Happy 10th: Neil Young, FORK IN THE ROAD
10 years ago this week – yesterday, if you want to be precise – Neil Young released his 29th studio album.
Produced by Young and Niko Bolas under the moniker “The Volume Dealers,” FORK IN THE ROAD was an album inspired by a car. Not just any car, mind you, but the Lincoln Continental that Young had gotten retooled to run on alternative energy. In case you hadn’t gotten the memo, Young’s been part of a project with mechanic Jonathan Goodwin called Lincvolt. Their goal? “To inspire a generation by creating a clean automobile propulsion technology that serves the needs of the 21st Century and delivers performance that is a reflection of the driver's spirit.”
It's pretty easy to tell that the album’s inspiration was derived from an automobile, thanks to song titles like “Fuel Line,” “Get Behind the Wheel,” and no less than three song titles featuring the word “road”: “Off the Road,” “Hit the Road,” and the title track. The LP was well-received by critics, too, but it’s Neil Young, so what else would you expect? Even when AllMusic offered some criticisms, they did so with the acknowledgment that, hey, it’s Neil Young, and he’s giving you what you expect from a Neil Young album.
“Fittingly, Fork in the Road is like his Lincvolt: it has a new engine in an old body, so it has all of the classic contours but runs a little differently. The Lincvolt might be smooth and efficient, but Fork in the Road is charmingly clunky, a side effect of its quick creation and Young's hard-headedness. Neil might be writing records as quickly as a blogger these days but musically he's stuck in the past, never letting go of his chunky Les Paul and candied folk harmonies, embracing his status as an old crank so enthusiastically he happily presents himself as a crazy old coot on the album's cover.”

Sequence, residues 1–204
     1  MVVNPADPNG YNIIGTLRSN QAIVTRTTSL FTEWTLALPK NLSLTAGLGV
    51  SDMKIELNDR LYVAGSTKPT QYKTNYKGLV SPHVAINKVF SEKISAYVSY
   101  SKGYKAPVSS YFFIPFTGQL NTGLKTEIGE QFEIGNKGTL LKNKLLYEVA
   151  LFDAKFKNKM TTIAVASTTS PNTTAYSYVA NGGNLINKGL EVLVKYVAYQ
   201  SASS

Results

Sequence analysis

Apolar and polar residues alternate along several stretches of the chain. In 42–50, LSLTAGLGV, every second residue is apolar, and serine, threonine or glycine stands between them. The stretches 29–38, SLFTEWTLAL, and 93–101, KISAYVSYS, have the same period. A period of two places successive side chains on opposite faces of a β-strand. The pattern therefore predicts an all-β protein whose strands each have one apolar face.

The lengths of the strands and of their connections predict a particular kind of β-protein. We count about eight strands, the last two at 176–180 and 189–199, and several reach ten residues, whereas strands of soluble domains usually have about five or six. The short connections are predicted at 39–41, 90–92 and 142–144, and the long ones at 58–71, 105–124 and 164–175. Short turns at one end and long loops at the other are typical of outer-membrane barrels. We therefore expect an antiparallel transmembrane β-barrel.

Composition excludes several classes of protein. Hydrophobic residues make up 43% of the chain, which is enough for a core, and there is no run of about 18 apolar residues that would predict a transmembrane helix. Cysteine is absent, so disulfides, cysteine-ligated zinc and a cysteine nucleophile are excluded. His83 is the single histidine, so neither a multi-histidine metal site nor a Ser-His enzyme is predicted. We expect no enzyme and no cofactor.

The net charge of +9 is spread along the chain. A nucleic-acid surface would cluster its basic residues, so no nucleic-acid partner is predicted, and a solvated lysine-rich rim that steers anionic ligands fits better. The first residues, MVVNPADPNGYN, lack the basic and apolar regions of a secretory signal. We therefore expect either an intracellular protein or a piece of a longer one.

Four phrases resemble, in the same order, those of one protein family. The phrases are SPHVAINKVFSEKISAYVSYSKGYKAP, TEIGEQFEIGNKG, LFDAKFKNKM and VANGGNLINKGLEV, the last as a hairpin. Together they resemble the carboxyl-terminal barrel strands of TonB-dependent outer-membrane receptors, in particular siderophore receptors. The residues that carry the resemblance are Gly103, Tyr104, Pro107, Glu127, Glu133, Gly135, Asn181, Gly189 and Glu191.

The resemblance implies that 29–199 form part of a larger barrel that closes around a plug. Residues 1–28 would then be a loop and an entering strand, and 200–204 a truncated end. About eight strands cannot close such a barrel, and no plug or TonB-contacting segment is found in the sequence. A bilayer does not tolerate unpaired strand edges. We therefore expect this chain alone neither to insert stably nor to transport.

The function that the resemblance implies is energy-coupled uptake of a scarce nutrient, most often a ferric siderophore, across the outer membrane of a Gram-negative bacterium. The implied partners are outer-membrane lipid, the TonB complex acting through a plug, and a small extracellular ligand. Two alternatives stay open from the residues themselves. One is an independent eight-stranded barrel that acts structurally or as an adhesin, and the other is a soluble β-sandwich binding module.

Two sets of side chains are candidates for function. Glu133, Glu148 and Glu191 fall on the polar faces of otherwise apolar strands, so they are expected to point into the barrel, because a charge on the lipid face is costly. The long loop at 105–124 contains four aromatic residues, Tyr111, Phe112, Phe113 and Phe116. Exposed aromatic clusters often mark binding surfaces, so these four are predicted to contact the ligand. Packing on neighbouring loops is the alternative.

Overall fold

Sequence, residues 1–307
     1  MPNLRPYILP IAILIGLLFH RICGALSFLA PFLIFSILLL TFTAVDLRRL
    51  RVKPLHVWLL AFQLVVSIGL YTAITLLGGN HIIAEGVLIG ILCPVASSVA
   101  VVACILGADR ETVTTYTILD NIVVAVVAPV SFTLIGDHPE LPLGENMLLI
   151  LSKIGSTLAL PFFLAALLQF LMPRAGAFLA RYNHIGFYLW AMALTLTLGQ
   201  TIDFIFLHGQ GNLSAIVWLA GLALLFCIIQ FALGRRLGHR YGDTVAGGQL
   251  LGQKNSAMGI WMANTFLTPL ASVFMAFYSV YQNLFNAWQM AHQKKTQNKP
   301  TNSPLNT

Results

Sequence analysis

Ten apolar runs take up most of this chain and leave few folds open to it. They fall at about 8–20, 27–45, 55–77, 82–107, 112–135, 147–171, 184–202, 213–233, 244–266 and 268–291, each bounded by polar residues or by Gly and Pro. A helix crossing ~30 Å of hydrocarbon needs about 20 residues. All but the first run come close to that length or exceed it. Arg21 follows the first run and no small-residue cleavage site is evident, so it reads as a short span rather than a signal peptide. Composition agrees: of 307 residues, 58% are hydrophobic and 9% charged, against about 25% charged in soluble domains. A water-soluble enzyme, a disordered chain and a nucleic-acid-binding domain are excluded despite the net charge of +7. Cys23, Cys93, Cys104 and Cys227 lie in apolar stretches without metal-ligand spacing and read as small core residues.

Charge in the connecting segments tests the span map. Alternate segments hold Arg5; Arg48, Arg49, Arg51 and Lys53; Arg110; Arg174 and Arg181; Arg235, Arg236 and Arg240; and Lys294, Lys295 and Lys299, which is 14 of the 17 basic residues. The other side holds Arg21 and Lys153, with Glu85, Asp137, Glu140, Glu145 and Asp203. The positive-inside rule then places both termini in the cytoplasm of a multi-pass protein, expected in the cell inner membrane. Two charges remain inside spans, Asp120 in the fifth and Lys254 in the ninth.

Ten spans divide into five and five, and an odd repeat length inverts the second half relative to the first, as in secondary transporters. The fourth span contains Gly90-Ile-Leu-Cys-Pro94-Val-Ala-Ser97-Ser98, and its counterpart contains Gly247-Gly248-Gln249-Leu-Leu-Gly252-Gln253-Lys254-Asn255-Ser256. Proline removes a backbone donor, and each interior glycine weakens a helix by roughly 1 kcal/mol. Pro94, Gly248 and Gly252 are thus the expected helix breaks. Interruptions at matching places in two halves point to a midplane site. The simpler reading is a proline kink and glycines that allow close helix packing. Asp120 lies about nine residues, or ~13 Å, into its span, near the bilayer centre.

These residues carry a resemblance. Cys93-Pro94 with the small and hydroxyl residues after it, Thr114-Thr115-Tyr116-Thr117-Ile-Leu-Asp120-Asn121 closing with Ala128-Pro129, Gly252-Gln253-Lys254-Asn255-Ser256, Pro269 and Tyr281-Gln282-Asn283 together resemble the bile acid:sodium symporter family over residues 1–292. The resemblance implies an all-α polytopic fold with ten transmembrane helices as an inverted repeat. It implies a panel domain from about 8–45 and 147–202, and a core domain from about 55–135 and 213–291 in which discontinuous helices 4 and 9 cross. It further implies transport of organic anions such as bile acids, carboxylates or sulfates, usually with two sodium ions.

FORK IN THE ROAD ultimately met a better fate than its inspiration: the album hit #19 on the Billboard 200 and earned Young a Grammy nod for Best Solo Rock Vocal Performance, but the Lincvolt’s wall charging system caused a fire which caused more than a million dollars of damage. Young’s position on the matter: “The wall charging system was not completely tested and had never been left unattended. A mistake was made. It was not the fault of the car.”
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